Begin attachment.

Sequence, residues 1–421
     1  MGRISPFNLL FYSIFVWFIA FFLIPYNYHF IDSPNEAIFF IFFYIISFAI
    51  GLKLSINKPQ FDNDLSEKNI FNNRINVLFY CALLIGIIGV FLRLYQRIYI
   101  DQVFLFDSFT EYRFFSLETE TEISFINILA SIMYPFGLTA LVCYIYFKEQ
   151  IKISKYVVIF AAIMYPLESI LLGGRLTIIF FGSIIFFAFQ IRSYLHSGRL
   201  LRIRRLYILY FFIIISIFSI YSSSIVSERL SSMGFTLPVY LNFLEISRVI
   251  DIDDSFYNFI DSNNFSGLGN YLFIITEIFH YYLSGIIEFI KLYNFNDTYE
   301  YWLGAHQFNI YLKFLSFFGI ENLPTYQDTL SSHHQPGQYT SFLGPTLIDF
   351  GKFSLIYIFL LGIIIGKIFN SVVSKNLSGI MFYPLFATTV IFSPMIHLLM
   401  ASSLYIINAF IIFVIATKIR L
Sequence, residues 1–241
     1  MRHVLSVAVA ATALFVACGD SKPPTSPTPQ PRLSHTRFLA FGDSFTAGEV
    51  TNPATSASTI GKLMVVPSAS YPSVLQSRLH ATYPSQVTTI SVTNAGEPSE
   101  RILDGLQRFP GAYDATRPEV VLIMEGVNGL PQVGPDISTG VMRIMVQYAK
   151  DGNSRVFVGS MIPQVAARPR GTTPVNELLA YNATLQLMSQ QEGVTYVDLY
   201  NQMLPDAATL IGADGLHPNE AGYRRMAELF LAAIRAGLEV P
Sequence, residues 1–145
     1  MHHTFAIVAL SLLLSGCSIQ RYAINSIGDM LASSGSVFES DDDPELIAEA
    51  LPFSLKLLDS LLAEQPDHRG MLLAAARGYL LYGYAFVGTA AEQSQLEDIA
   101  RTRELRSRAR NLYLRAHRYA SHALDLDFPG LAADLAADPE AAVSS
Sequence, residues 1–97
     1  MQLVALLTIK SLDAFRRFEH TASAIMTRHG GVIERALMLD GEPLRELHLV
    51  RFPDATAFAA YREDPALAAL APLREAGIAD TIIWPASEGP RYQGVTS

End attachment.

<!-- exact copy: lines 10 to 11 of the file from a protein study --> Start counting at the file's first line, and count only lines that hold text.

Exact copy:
   401  ASSLYIINAF IIFVIATKIR L
Sequence, residues 1–241